Wednesday, May 25, 2011

It’s time to change the Grand Slam seeding system. Here’s how.

Rafael Nadal has won five French Open titles but has been the top seed at the tournament just once. (Ironically, it was the only year he didn't win.) Thanks to the French's system of using the ATP rankings as the template for its seeds, Nadal has only won the title as a No. 2 seed, despite the fact that he's entered every tournament he's played at Roland Garros as the favorite.

This year, the recovering Juan Martin Del Potro will be the No. 26 seed, meaning some unlucky top seed could see the former Grand Slam champion in the third round. Andy Roddick, who plays as poorly on clay as he does well on grass, will be a No. 11 seed, one ahead of Nicolas Almagro, who excels on the surface.

Shouldn't the world's best clay court player always be the top seed in the premier clay court event? Shouldn't clay-challenged players slip a little bit in the seedings in favor of those who excel on the surface? Is it fair to move up a player like Del Potro who has a low ranking due to injury? Yes, yes and yes.

Using rankings as seedings is a logical, fair system used by both the Australian Open and US Open. (Wimbledon uses its own computer rankings designed to slightly favor players who excel on grass courts.) It needs to stop, not because it's controversial, but because it's not nearly controversial enough.

Think about it. The release of Grand Slam seedings has as much suspense as a sunrise. The announcement of the draw is nothing more than a glorified raffle. These things get no attention outside the tennis world and barely merit conversation within. Why not spice them up a little bit by adding in the human element?

The NCAA basketball tournament's Selection Sunday is a national sporting holiday in the United States. For three days after, all anyone talks about is whether the committee chose the right No. 1 seeds and which teams should have made it. The whole affair would be a lot less fun if they picked and seeded teams by computer ranking. (Am I right, BCS?)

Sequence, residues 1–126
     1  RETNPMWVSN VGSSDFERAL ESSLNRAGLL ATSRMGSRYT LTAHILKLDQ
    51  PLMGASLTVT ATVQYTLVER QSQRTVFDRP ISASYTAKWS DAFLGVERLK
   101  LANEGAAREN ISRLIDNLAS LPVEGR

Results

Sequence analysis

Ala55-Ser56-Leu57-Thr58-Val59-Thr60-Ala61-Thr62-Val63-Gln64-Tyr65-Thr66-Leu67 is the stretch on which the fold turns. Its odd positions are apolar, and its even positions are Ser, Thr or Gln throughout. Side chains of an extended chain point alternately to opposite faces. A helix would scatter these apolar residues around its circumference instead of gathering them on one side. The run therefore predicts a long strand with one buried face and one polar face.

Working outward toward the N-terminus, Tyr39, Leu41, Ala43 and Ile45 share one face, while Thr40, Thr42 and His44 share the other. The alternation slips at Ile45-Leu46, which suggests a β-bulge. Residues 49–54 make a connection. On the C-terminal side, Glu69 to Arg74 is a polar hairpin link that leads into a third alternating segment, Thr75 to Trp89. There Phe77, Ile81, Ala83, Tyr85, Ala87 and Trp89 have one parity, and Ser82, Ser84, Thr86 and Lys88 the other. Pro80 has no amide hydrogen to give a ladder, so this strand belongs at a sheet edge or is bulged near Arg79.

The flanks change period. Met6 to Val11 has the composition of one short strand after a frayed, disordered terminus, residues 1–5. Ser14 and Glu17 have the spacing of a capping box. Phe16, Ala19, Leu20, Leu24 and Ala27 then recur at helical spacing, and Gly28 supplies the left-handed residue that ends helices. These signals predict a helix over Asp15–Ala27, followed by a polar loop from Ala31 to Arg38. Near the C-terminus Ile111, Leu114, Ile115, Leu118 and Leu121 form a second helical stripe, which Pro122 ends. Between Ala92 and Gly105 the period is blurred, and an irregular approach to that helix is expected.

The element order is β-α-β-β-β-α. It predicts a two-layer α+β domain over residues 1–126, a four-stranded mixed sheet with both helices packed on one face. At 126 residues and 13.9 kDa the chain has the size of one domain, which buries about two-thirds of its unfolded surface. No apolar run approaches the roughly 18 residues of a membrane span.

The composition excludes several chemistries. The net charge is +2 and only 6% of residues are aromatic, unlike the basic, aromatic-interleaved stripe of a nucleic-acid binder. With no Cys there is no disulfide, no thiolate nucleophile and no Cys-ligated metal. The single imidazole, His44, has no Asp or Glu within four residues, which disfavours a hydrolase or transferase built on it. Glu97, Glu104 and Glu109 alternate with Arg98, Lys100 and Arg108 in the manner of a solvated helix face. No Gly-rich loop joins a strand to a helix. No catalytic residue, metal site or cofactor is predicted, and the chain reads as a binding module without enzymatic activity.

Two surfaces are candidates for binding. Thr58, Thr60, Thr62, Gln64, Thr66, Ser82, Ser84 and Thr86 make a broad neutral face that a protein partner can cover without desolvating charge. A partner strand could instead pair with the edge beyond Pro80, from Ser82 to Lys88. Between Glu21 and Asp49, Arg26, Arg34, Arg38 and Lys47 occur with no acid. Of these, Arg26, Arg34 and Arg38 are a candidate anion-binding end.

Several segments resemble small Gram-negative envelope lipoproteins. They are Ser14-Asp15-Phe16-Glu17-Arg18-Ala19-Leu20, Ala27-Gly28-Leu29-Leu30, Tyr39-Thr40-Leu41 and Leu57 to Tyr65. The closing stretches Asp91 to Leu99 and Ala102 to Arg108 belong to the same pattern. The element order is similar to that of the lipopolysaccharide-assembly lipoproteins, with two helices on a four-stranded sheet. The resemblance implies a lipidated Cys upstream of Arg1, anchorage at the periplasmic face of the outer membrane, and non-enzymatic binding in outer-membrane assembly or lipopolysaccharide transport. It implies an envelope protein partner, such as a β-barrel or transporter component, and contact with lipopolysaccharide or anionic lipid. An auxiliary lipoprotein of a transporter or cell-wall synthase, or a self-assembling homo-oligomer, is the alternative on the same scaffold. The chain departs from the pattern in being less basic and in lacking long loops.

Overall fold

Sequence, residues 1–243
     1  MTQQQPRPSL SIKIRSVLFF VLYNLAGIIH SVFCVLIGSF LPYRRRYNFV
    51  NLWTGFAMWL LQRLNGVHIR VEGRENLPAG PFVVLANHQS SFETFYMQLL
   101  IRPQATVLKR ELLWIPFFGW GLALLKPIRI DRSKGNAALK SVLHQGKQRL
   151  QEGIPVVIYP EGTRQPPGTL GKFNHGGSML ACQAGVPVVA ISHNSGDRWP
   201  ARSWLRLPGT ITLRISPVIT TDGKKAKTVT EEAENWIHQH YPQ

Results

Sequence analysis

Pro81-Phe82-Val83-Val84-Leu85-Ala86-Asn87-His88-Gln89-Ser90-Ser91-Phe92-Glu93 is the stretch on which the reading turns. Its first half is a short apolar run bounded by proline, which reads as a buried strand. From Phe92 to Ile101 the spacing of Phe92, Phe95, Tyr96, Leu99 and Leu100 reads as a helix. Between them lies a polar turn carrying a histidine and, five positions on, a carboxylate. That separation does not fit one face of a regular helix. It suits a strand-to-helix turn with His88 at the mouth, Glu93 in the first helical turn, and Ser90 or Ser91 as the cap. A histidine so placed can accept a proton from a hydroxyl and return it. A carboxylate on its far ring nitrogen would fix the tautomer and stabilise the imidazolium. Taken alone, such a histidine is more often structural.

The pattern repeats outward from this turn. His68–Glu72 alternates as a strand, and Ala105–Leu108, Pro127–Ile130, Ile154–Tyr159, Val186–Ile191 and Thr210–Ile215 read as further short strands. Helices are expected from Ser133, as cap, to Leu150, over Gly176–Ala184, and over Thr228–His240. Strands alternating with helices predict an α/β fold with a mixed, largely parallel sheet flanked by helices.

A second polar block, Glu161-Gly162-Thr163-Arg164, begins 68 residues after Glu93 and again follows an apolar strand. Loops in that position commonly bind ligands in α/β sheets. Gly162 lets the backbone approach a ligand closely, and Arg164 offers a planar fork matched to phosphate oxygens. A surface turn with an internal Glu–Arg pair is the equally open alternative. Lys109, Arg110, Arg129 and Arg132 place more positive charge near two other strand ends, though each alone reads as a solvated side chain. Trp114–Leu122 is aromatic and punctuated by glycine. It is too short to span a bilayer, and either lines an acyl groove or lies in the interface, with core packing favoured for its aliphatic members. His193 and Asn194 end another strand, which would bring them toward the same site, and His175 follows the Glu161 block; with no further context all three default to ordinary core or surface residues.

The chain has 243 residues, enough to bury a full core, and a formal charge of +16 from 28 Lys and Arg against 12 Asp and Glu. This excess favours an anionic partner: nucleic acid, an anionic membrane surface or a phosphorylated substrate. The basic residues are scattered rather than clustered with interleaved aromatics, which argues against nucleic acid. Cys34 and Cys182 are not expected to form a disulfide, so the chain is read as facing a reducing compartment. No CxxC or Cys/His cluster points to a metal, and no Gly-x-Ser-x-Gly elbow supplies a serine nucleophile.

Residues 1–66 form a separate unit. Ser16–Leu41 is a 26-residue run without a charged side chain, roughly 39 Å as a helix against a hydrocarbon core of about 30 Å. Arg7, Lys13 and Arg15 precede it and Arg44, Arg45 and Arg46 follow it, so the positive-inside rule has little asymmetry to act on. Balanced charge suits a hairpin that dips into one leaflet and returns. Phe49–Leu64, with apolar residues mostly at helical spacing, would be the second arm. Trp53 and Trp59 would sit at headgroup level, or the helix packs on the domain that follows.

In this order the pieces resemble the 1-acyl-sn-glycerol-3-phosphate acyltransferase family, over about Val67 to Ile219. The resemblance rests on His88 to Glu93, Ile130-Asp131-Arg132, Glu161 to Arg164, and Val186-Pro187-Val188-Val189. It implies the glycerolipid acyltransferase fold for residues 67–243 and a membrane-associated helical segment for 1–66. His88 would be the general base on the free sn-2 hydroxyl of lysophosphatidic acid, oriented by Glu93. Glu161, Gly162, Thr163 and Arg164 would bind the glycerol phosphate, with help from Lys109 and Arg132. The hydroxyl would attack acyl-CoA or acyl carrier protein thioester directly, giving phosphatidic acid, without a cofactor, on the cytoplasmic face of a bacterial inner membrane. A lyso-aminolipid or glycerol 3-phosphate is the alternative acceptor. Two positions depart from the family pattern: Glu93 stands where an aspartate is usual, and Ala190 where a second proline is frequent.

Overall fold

Tennis could use this model to generate some interest in seedings and the draw. Imagine if Roddick was dropped to a No. 19 seed. Surely he'd give some choice quotes about the process and get a few news stories written about him in the process. Bam, free publicity. Or let's say it gets to the US Open and Djokovic and Nadal are separated by a few rankings points and the selection committee goes with the No. 2 player as a the top seed because he's done better on hard courts. There's another storyline for the tournament.

It's not like the plan would make things all that much different. There's only so much you can do with seedings, after all, so it's not like there's be a situation where Richard Gasquet would move ahead of Andy Murray or Roddick would go from No. 11 to unseeded. Most changes would be minor.

As a benefit, any complaints about the seeding process would disappear the instant play begins. Those NCAA bubble teams are the biggest stories on Monday and Tuesday. Everyone forgets about them when the ball tips on Thursday. Complaining about Nadal moving from No. 1 to No. 2 at the US Open is a story with a limited news cycle.

A selection process wouldn't be any more or less fair than the current system. Don't let the presence of computers and clearly defined numbers fool you, the rankings are still every bit as subjective as a selection would be. Why is Monte Carlo a 1000 and not, say, Barcelona? How is making the round of 32 at a Grand Slam worth the same amount of points -- 90 -- as getting to the round of 16 at a 1000 or the quarters of a 500 or the semis of a 250?

Make the change. At best you get a better-seeded tournament. At worst you make some news in the days leading up the major. It's a win/win.

Paz Vega Rebecca Mader Eva Green Lauren Conrad Arielle Kebbel

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